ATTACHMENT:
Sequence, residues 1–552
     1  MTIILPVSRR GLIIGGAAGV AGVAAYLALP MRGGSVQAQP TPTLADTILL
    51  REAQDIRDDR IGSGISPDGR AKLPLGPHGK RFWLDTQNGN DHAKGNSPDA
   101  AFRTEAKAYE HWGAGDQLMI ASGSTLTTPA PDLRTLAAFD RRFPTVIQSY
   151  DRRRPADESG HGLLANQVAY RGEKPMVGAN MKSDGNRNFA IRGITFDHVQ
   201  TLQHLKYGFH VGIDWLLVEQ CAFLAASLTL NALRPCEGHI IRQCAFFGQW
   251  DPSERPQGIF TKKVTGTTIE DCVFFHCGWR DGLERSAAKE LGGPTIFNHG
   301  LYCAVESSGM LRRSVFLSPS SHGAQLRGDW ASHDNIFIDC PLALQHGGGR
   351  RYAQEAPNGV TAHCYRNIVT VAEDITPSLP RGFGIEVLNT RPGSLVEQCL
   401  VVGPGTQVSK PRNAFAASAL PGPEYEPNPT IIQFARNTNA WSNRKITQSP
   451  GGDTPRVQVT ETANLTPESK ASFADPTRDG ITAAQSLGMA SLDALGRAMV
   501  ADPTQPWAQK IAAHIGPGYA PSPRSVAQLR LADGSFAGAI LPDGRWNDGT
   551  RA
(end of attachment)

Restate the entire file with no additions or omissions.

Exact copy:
Sequence, residues 1–552
     1  MTIILPVSRR GLIIGGAAGV AGVAAYLALP MRGGSVQAQP TPTLADTILL
    51  REAQDIRDDR IGSGISPDGR AKLPLGPHGK RFWLDTQNGN DHAKGNSPDA
   101  AFRTEAKAYE HWGAGDQLMI ASGSTLTTPA PDLRTLAAFD RRFPTVIQSY
   151  DRRRPADESG HGLLANQVAY RGEKPMVGAN MKSDGNRNFA IRGITFDHVQ
   201  TLQHLKYGFH VGIDWLLVEQ CAFLAASLTL NALRPCEGHI IRQCAFFGQW
   251  DPSERPQGIF TKKVTGTTIE DCVFFHCGWR DGLERSAAKE LGGPTIFNHG
   301  LYCAVESSGM LRRSVFLSPS SHGAQLRGDW ASHDNIFIDC PLALQHGGGR
   351  RYAQEAPNGV TAHCYRNIVT VAEDITPSLP RGFGIEVLNT RPGSLVEQCL
   401  VVGPGTQVSK PRNAFAASAL PGPEYEPNPT IIQFARNTNA WSNRKITQSP
   451  GGDTPRVQVT ETANLTPESK ASFADPTRDG ITAAQSLGMA SLDALGRAMV
   501  ADPTQPWAQK IAAHIGPGYA PSPRSVAQLR LADGSFAGAI LPDGRWNDGT
   551  RA